Just writing this makes me hungry for one again.

Next week: An Incomplete Guide to Montreal Part II.


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by TOAST ( 29.08.13 )

Orlando Gough.

We’ve just been to the Edinburgh Festival for a few days, mainly to see our son Milo’s unmissable groundbreaking hilarious genre-bending etc. etc. play Morag and Keats. (Actually it was hilarious.)

We also saw the unmissable groundbreaking etc. etc. adaptation by Jack Thorne of Alexander Masters’ book Stuart: A Life Backwards. Masters is a middle-class bleeding-heart leftie who is working for a homeless charity when he meets Stuart Shorter, a chaotic, violent, flirtatious, brilliant, disabled working-class homeless man (a stunning performance by Fraser Ayres). Alex decides to write Stuart’s biography. The play is, amongst other things, a wonderful dissection of class, and in particular of middle-class guilt. I squirmed in my seat with recognition, as I’ve worked on several pieces with the company Streetwise Opera who make operas with homeless people; five minutes before the start of my very first rehearsal with the company, I found myself up against a wall with Rob, an alarming ex-squaddie, shouting at me ‘If you do this fucking piece I’m going to fucking kill you.’

At one moment Stuart says ‘I wanted to have a fish breakfast this morning’ and Alexander says ‘You mean kedgeree?’ and Stuart says ‘What the fuck is kedgeree?’ The word kedgeree becomes a weapon in the ongoing class war between them. At the end of the play, Stuart furious with Alexander, delivers the worst insult he can think of. ‘You…..kedgeree cunt’ he shouts.

What the fuck is kedgeree? Allegedly it’s derived from the Indian dish khichri, a mixture of lentils and rice cooked with spices…


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by TOAST ( 27.08.13 )

The first in a series of pieces written to photographs taken by Nicholas James Seaton on our autumn/winter 2013 shoot in Canada. Each focuses on an element, albeit a new kind of element.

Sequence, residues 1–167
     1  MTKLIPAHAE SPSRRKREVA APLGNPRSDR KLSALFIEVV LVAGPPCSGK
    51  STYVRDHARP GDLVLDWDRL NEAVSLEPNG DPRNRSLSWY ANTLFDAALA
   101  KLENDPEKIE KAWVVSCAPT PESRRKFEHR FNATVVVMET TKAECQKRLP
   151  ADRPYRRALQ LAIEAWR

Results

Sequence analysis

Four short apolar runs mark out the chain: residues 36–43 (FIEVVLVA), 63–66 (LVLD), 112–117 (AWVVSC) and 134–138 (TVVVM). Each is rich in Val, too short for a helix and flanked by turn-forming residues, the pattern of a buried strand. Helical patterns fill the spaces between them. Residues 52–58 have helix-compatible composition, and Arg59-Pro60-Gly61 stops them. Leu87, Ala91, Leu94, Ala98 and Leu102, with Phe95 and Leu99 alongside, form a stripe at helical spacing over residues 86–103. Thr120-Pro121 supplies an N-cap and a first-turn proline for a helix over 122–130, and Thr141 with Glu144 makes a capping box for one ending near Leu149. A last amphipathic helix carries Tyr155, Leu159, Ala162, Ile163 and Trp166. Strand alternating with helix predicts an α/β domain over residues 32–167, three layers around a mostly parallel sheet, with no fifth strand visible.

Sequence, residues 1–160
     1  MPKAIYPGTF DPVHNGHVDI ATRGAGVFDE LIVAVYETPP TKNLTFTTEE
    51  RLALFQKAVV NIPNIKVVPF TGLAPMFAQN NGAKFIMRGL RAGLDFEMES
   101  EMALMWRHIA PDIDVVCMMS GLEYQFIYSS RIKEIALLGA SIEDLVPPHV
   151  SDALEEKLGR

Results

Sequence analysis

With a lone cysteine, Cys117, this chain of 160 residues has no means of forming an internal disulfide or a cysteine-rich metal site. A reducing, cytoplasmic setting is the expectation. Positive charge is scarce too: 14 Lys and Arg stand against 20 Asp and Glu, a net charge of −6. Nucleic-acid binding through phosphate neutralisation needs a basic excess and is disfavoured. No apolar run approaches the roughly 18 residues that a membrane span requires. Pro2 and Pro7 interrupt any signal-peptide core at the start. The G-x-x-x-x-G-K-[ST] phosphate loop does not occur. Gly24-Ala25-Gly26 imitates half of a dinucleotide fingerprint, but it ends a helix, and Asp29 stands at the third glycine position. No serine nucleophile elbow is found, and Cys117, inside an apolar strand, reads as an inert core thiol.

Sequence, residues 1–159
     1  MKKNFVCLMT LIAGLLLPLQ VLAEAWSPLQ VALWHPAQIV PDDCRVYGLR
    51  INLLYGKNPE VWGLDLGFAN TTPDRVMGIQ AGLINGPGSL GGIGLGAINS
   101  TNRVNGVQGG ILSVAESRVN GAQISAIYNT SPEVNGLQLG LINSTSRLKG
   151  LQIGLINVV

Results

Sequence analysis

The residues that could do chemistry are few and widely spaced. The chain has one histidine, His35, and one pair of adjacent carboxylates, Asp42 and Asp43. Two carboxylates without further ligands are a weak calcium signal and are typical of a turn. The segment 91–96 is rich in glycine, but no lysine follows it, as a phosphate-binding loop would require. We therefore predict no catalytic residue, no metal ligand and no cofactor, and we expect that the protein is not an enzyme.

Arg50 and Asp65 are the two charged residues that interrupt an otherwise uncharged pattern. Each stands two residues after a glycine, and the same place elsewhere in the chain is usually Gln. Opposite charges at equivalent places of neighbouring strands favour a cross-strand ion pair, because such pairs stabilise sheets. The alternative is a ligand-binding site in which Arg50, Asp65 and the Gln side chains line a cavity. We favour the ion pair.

By Olivia Laing.

There was a summer when I swam in the sea every day. Sometimes I swam alone, but more often I swam with my friend Clare. Her kit included a hat and goggles, mine a pair of flip-flops that I’d tuck inside my swimsuit like a kangaroo.  Neither of us was very happy at the time. We’d talk our problems over as we struck out for the buoys, tossing sentences back and forth between the breakers.

Because I was miserable, I took more risks than I otherwise might have. We swam when sea-mists had blotted out the horizon; swam in the aftermath of a storm, when the waves were smashing and climbing far above our heads. Just once, I got into trouble, when I got caught in the undertow and slammed repeatedly against the shingle, knocked down and dunked again each time I staggered to my knees. Some days the water was so clear that you could make out each small brown stone, the colour of loaves of bread. Sometimes it was smooth as glass and the sensation of movement was closer to flying than swimming. Out at the buoys we’d turn and see the ruined pier and all the city’s Georgian squares, quaveringly redoubled.

All those swims – every swim I’ve ever made, in fact – are tucked away inside me like a pack of cards. Swimming on Dog Beach in Key West, where Tennessee Williams used to take his afternoon dip, in warm water the colour of Gatorade. Swimming in a rocky cove in Cap Ferrat, or over ruined houses on a tiny beach in Andros. Body surfing in Devon and dropping from rocks into water clear as jelly at the northernmost extremity of Scotland, where anemones pulsed red and pink beneath the lapping surface.

I lived by the sea for twenty-six years, but recently I moved inland. These days, the nearest coast is more than sixty miles from my house. I pine for it, I think. I want to swim out to the horizon, and hang there between the sea and sky: a native, suspended in my element. The shifting, unplaceable colours of seawater tug at my heart: now indigo, now turquoise; now electric and steel; now Egyptian and ultramarine; now the colour Yves Klein saw in his lost dreams of flight.

Olivia Laing’s To the River and The Trip to Echo Spring are published by Canongate.

www.olivialaing.co.uk


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by TOAST ( 23.08.13 )